figures for the day were 19 US KIA, 53 US WIA, 135 NVA KIA, 4 NVA
captured (WIA). Weapons and equipment captured are discussed in paragraph
12. "B" and "D" Companies, 1st Bn 8th Inf arrived at the Fire Support
Base at 0900 hours thru an LZ at Hill (???) YA 951909, secured by
a Recon Team of the Recon Platoon. "D" Company, 3rd Bn 8th Inf was
moved to Dragon Mountain to refit and receive replacements. "A" Company
remained in the Fire Support Base with "C" Company. "B" and "D" Companies,
1st Bn 8th Inf moved to a night location vic YA 940915.
g. 27 March 1968: Heavy movement was reported around the entire perimeter
throughout the night. Hand grenades and M-79 fire was used to suppress
and discourage the enemy movement. "B" Company conducted a sweep operation
to the north and northwest of the Fire Support Base. Contact was made
approximately 300 meters northwest of the perimeter. "B" Company killed
one NVA who was stringing communications wire up the draw in the direction
of the fire base. No further contact was made during the day, however
reports of movement, relatively near positions, was reported frequently.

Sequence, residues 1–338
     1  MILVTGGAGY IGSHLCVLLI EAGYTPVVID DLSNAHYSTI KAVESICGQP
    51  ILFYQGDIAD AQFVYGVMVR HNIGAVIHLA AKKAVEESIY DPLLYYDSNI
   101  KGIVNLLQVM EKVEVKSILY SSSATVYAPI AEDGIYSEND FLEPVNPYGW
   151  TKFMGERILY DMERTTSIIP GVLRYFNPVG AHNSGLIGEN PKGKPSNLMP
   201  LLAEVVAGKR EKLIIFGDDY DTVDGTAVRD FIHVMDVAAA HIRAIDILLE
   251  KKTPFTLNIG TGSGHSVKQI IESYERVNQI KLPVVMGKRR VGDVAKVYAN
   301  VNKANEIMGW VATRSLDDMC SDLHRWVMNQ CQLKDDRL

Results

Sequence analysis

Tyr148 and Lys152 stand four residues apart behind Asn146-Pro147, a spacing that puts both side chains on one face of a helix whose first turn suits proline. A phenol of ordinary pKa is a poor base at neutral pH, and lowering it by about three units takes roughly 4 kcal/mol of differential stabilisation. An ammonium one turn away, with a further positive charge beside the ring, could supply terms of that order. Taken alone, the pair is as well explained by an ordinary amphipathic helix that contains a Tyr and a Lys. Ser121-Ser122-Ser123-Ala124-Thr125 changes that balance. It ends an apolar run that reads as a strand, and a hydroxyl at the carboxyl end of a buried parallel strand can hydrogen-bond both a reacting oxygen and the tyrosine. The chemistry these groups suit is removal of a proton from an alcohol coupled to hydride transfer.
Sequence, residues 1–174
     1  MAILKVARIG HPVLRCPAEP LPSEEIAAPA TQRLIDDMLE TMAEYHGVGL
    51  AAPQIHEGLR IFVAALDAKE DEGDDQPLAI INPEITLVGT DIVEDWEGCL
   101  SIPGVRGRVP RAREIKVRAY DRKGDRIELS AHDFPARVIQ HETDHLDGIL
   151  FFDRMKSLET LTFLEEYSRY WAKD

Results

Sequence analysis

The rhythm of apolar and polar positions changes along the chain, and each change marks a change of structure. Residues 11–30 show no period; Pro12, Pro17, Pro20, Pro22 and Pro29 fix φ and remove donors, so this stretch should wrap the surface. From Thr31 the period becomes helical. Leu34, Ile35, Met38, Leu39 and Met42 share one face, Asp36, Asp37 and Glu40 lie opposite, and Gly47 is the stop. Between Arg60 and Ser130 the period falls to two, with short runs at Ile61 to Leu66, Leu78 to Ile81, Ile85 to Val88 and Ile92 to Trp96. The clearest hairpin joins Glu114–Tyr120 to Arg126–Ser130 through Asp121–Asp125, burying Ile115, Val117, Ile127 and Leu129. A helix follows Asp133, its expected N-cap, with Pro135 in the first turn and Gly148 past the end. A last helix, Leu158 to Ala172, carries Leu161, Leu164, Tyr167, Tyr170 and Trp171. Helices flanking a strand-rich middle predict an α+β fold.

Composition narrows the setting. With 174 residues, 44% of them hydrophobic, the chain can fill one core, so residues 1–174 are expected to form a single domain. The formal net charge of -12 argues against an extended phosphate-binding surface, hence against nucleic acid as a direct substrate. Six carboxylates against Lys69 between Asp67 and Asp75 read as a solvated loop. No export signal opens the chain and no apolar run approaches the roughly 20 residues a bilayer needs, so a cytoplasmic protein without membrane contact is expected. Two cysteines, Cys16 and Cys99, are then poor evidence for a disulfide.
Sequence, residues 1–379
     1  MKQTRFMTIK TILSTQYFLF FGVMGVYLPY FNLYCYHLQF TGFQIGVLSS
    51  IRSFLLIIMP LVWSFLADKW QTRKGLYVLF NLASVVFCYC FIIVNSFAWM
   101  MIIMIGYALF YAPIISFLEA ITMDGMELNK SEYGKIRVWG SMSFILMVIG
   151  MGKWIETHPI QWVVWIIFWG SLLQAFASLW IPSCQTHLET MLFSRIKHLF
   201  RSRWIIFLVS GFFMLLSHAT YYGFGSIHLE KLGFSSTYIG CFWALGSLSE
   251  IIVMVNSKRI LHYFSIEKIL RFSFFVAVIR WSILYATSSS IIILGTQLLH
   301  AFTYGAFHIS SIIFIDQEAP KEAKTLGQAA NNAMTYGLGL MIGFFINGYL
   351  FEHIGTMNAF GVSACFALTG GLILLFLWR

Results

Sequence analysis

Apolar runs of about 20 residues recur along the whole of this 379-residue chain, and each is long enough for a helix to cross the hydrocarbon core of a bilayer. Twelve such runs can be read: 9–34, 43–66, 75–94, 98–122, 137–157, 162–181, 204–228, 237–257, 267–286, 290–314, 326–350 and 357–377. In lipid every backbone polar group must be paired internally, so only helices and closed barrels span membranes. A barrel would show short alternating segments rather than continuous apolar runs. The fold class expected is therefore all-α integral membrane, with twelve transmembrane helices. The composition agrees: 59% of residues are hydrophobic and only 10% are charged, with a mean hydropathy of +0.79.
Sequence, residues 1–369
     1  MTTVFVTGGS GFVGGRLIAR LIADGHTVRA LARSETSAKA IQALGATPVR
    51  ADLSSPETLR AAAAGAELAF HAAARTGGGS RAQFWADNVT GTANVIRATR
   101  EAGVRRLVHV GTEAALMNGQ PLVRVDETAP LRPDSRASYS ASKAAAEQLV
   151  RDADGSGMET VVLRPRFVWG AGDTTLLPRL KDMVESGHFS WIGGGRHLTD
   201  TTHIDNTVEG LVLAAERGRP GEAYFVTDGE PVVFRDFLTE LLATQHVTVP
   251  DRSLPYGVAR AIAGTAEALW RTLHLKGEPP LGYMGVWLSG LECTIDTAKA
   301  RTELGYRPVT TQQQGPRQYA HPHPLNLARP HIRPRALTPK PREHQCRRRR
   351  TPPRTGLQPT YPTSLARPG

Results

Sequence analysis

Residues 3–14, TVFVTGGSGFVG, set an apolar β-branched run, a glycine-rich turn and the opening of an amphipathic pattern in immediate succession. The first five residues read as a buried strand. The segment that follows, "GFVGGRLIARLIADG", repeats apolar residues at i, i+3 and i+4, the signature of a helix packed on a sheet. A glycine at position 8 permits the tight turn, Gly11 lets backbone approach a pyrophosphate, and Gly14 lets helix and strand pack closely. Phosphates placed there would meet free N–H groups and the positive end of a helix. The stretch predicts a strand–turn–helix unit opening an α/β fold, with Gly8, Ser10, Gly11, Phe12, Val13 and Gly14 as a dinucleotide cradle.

h. 28 March 1968: Again, heavy movement was reported around the perimeter
throughout the night. Perimeter elements suppressed the movement through
the use of hand grenades and M-79 fire. Sweep operations were conducted
from the Fire Support Base. "D" Company, 1st Bn 8th Inf made contact
with an estimated 12 NVA 500 meters North of the Fire Support Base.
"D" Company suffered 1 US KIA. "D" Company retired to "A" Company's
Position 300 meters North of the Fire Support Base to evacuate the
1 US KIA. "D" Company again moved North and was successful in reaching
their objective at YA 937924. "A" Company closed with "D" Company
to establish a night location. In the process of moving, "D" Company
discovered one NVA KIA in the earlier contact. At 1730 hours, the
NVA conducted a disorganized attack against the night location of
"A" Company and "D" Company, 1st Bn 8th Inf. Small arms fire was received
from the North and West and indirect fire in the form of rifle grenades
and mortars. Direct 105mm and 106 recoilless rifle fire was employed
from the Fire Support Base and one airstrike was placed on attacking
NVA elements just prior to darkness. The NVA elements withdrew to
the Southwest and were subjected to all available indirect fires.
At 1940 hours "B" Company came under attack by 75 RR fire from the
North. Direct 105mm fire was placed on the NVA firing position and
secondary explosions were observed. "A" Company received 2 US WIA,
"D" Company, 1st Bn 8th Inf received 8 WIA for total casualties for
i. 29 March 1968: Heavy movement was reported around the perimeter
throughout the night. Once again M-79 fire and hand grenades served
to suppress the enemy movement. "A" Company and "D" Company, 1st Bn